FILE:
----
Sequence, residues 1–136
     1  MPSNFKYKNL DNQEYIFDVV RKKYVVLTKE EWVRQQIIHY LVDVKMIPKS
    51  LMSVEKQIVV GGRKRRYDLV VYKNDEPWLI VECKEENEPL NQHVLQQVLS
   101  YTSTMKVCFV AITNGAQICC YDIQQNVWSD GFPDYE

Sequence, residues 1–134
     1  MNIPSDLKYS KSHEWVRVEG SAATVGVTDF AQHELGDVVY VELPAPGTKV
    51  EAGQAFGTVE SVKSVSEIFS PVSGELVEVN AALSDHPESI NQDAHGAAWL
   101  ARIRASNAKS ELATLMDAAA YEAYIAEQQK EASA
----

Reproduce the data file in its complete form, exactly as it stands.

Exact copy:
Sequence, residues 1–136
     1  MPSNFKYKNL DNQEYIFDVV RKKYVVLTKE EWVRQQIIHY LVDVKMIPKS
    51  LMSVEKQIVV GGRKRRYDLV VYKNDEPWLI VECKEENEPL NQHVLQQVLS
   101  YTSTMKVCFV AITNGAQICC YDIQQNVWSD GFPDYE

Sequence, residues 1–134
     1  MNIPSDLKYS KSHEWVRVEG SAATVGVTDF AQHELGDVVY VELPAPGTKV
    51  EAGQAFGTVE SVKSVSEIFS PVSGELVEVN AALSDHPESI NQDAHGAAWL
   101  ARIRASNAKS ELATLMDAAA YEAYIAEQQK EASA